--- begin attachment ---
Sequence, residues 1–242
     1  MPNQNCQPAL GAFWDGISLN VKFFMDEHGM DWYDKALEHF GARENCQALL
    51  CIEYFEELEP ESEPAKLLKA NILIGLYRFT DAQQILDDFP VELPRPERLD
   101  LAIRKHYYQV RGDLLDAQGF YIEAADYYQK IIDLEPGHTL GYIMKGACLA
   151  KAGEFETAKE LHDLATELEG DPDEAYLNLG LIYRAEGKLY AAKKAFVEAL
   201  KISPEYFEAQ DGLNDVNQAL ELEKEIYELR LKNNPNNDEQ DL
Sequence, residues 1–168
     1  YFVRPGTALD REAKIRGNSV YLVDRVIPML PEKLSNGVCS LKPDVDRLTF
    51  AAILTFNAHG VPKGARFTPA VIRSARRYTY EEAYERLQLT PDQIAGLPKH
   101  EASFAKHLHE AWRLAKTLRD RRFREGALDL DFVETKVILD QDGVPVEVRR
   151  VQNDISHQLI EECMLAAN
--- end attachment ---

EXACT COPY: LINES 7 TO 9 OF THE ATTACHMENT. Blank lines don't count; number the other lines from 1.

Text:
Sequence, residues 1–168
     1  YFVRPGTALD REAKIRGNSV YLVDRVIPML PEKLSNGVCS LKPDVDRLTF
    51  AAILTFNAHG VPKGARFTPA VIRSARRYTY EEAYERLQLT PDQIAGLPKH